I have in my hand the names of a large number of cases of schools in Wales in which more or less of a grievance is felt in consequence of the proceedings which have been taken with regard to this grant. Whether this feeling is always justified it is impossible to say, probably in some cases it is not, but it is a hardship that these parishes should not know the circumstances more fully. One of the clearer cases is at a place in the county of Denbigh, where there is to be a school for 500 children; the Government grant is something over £2,000, and in addition £1,900 has to be provided from the rates. So although this grant is only to be made to meet cases of special tyranny, your Lordships will see that the ratepayers who are satisfied with the existing school are also to be asked to pay for the school which is to remove the special tyranny. As the existing schools are very much overcrowded, new schools would in any case be necessary. If so, the very thing is being done which the Act of 1870, and which Mr. McKenna in another place, said should not be done, namely, to supply the deficiency of school accommodation out of this special grant. In these cases the ratepayers have sent up petitions and are very much aggrieved because they hear nothing as to what happens to those petitions. They naturally imagine that they are ignored and that the question is decided without any consideration whatever of their representations in opposition. They are aware that Sections 8 and 9 of the Act of 1902 provide that, if necessary, local inquiries must be held; all they know is that no local inquiry is held, and that their representations, so far as they can see, receive no consideration. As a rule these ratepayers represent a large majority. In four or five or these cases in Denbighshire there have been very serious differences for some time past between the managers and the local education authority, and in one case a Mr. Davies, a solicitor, who took a very active part against the Church people——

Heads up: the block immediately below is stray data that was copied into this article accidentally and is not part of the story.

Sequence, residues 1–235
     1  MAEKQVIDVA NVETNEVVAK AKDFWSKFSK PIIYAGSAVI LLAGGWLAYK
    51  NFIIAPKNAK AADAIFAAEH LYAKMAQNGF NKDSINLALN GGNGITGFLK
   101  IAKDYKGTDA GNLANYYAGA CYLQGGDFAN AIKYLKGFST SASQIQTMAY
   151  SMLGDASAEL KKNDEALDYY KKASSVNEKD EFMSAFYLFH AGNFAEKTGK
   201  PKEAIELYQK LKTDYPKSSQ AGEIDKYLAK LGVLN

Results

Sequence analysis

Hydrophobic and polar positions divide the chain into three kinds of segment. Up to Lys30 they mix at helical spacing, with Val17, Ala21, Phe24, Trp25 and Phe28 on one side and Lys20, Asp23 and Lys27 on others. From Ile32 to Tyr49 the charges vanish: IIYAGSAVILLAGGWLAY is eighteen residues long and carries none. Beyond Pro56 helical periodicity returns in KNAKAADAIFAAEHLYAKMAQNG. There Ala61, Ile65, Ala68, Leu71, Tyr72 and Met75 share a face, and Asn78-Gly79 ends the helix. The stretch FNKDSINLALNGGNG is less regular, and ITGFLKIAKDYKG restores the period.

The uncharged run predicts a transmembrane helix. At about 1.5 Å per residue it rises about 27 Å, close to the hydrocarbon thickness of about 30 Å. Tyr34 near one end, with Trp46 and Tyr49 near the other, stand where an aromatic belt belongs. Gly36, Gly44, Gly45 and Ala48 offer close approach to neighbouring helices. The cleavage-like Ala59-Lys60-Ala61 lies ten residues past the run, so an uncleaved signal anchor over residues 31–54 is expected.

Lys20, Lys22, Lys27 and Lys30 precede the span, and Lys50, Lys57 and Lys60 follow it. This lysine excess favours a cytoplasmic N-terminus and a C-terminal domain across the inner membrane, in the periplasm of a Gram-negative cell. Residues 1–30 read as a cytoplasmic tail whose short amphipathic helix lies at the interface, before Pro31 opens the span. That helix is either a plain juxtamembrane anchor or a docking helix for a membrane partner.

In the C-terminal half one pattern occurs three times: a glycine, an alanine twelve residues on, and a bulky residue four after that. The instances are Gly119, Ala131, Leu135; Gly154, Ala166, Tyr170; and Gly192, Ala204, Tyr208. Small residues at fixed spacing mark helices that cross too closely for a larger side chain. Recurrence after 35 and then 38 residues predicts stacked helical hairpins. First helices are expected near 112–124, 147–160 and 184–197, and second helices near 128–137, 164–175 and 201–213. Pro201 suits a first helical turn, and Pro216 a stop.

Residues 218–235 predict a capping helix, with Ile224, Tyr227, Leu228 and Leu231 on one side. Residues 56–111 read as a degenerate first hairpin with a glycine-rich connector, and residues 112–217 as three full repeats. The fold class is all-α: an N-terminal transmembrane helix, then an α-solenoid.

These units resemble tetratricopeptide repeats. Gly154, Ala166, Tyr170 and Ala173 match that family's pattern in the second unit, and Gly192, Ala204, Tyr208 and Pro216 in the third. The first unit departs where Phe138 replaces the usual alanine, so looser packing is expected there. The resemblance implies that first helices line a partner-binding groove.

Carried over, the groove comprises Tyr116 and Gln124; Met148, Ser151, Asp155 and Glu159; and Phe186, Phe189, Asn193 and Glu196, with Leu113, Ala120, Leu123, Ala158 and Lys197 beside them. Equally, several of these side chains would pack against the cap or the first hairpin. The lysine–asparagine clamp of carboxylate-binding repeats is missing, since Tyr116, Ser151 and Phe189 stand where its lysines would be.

Which parish is the noble Lord referring to?


To the parish of Bylchau. All the letters which this parish now receives from the Board of Education are signed by this very gentleman. Naturally some soreness has arisen, because it is felt that it is possible that Mr. Davies, who was formerly a party to these disputes, is now the judge in regard to them. I merely refer to that as one of those administrative points which I think are worthy of the consideration of the Board of Education. I will take another case. In the county of Flint, in July, the local education authority gave notice to provide additional school accommodation on the ground of overcrowding. The notices were published, when suddenly they were withdrawn, the whole procedure altered, and a grant made, as far as is known, out of this £100,000. That looks like another case of going round the provisions of the Act of 1870. In another Flintshire parish there were two schools, one an undenominational school. In May, 1906, the local education authority decided to build a new school to take the place of the undenominational one, but, in spite of that, a grant of £1,000 has been made. Moreover, the original estimate for that school was only £940; therefore they are going to give them, apparently, more money than is actually required.

I will not weary your Lordships by going through any more of these cases. Let me refer to another point to which I wish to call attention—the frequency with which of late the Department has suddenly and unexpectedly and for no reason that can be seen, altered its decision. My noble friend Lord Dartmouth brought one case of this description—the case of Royston School in the West Riding of Yorkshire—to the attention of your Lordships last summer, where up to a certain point it was quite obvious that the Board of Education were opposed to the views taken by the local education authority, but suddenly and unexpectedly an entire change took place, it being imagined that the local education authority brought influence to bear on the Minister for Education. There was another exactly similar case in a district in Halifax; but the most notorious case of all is the case of Swansea, a case which has occupied the attention for a long time past of all those interested in elementary education. I do not propose to ask your Lordships to consider the facts of that case at present, but it is another instance of the Board of Education suddenly and unexpectedly altering its decision.